‘Lumusi has not stolen my Biotime,’ Breughel said. ‘She is refusing to enter contribution until she has talked to me.’
‘What do you think about the rumours that the nuns at the Church may be armed?’
‘They are nuns. I will not criticise them.’
‘Of course, you are a practicing Christian. How do you square that with buying someone else’s life expectancy?’
‘Maybe it is wrong. I don’t know. But my wife needs the Biotime. I need it too. And the contract says that Lumusi Jones sold it willingly.’
‘What about the refusal of the police to enter the church to take Miss Jones into custody? Will you criticise that?’
‘I do not advocate policemen storming churches.’
‘Very worthy.’ Wilhelm shook his head. ‘So are you optimistic that Lumusi Jones will hand over your Biotime when she sees how you and your wife are suffering?’
Breughel felt nausea rising in him.
‘I cannot see how either Lumusi Jones or I can emerge from this sequence of events with any dignity.’
‘That is so powerful.’ Another journalist, sitting across the aisle, had risen to her feet. ‘Could we film you saying it again?’ She nodded to a colleague, who began to wrestle a video-camera out of an overhead locker. ‘We’d better move that Champagne out of shot.’
Breughel was hemmed in by the window and betrayed by his body. Two other camera crews were closing in. When Breughel tried to remove the unwanted glass of Champagne, his hand shook and the chilled liquid splashed the trousers of his best suit.
He saw the cameraman smile.
The recording light was on.
What would the viewers see? A Time-Expired Dotard spilling his drink in the business-class cabin of an airliner as he flew to confront the beautiful, vibrant woman who controlled his Biotime.
Could humiliation be any worse than this?
Two hours later, Breughel was beginning to understand that his humiliation had barely begun. In the sweltering minibus on the way to the Church, Wilhelm explained what he called the paradigm of his channel’s coverage.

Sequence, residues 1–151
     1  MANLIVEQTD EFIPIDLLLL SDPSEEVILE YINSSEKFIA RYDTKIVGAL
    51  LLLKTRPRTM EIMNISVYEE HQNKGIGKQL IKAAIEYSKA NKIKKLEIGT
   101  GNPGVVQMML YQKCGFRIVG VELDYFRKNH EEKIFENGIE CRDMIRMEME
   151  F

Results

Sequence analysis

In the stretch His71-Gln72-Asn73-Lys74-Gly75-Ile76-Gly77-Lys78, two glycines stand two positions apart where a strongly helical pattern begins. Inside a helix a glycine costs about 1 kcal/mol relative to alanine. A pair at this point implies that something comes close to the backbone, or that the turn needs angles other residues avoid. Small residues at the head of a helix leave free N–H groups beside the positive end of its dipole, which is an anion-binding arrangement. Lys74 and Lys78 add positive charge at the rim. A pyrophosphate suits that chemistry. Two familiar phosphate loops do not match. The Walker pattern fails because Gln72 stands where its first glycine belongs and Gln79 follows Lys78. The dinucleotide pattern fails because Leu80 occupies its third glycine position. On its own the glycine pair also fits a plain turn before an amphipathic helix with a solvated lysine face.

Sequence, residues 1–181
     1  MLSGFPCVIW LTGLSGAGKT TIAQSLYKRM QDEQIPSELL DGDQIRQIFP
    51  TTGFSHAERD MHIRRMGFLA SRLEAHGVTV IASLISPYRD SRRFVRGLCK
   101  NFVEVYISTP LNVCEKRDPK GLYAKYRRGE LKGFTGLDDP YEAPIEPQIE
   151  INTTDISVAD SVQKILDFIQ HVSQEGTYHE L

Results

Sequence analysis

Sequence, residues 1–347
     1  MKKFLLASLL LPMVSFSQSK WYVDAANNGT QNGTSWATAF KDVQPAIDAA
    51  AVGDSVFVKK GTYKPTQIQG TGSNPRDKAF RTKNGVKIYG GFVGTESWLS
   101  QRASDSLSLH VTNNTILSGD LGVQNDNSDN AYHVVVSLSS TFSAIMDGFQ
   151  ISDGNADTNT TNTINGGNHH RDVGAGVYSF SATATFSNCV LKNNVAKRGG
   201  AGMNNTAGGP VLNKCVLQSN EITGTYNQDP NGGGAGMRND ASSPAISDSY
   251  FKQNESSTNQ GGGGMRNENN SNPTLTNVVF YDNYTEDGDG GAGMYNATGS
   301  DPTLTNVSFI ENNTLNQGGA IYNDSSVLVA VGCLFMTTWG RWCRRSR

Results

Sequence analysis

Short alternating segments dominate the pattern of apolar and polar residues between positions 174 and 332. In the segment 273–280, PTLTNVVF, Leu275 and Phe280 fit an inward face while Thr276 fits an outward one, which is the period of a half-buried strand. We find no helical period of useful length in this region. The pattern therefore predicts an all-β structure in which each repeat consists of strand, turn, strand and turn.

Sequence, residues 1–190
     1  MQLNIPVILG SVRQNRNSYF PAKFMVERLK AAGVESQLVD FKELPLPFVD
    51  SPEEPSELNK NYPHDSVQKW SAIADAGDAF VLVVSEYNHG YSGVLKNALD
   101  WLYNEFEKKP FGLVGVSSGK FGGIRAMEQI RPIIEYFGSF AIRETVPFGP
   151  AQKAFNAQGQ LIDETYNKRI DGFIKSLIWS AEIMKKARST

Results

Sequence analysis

‘We are casting you as the victim. So it is good if you are arriving at the church looking weak and exhausted. It is also good if your suit makes you sweat, or if your disease is making you tremble. If you were looking like a rich Dutch businessman coming to enforce a contract against a poor Ghanaian girl, our viewers would hate you. Actually, everyone would hate you.’
‘I have nothing. But people hate me anyway,’ Breughel said.
‘That is why we are calling you the Dying Dutchman. When we reach the church, people must see you suffer.’
The Church of Christ is Risen was a modern concrete structure with a tall, angular spire which reminded Breughel of his own church in Amsterdam. News crews crammed the road. A row of nuns sat blocking the stairs up to the entrance, singing hymns and ululating.
The music was beautiful.
Close to the nun-barrier a group of police officers sat under an awning, fortified with a cold-box full of drinks. A news team was interviewing a cheerful fellow holding up an empty leather holster.
When Breughel climbed down from the minibus and leaned his weight on his stick, the heat hit him like a hammer. He staggered. A dozen cameras turned towards him.
They sensed fresh meat.
Journalists surged forwards, yelling questions. The nuns on the stairs sang louder.
Breughel’s suit, made for the Haarlem winters of twenty years earlier, felt intolerably hot. His legs were sticky from the spilled drink.
He closed his eyes. How good it would be to die here, now. To retreat forever to a place of peace. To leave Lotte to a dignified end in her hospital bed.
To confront the nuns seemed unthinkable. Yet to walk away was impossible.
He opened his eyes. Everyone was still shouting questions at him.
Then he realised. He did not need to answer.
He took a step forward, leaning on his cane. Then another. The crowd of camera crews parted. Hunched and trembling, he approached the nuns on the steps, who were singing and swaying to the rhythm.
‘Excuse me,’ he said. ‘I wish to see Lumusi Jones.’
One of the nuns rose to her feet. A dark mountain of a woman, she towered over Breughel.
‘I am Sister Truth,’ she said. ‘I am sorry, old man. No-one can pass.’
Breughel fingered the cross around his neck. ‘Tell Lumusi that Hans Breughel has come to see her.’
‘I will tell her that.’ The nun turned and whispered to a girl standing behind her, who ran up the steps into the church. For a long moment, nothing happened.
Sister Truth reached out a hand and held Breughel’s bony shoulder. ‘This Biotime is a terrible thing,’ she said.
‘Yes,’ Breughel said.
‘It is too strong. It can destroy you.’ The nun squeezed his shoulder. ‘But it exists. We must learn to live with it.’
‘Let him in!’ There was movement by the church. An older nun, her face as creased as Breughel’s own, stepped into the sunshine. ‘It is time.’
She spread her arms and the nuns gave way. Breughel struggled up the first step, then felt merciful support as Sister Truth put her huge arm around him. He sensed a hubbub on all sides as camera-crews forced their way up the stairs.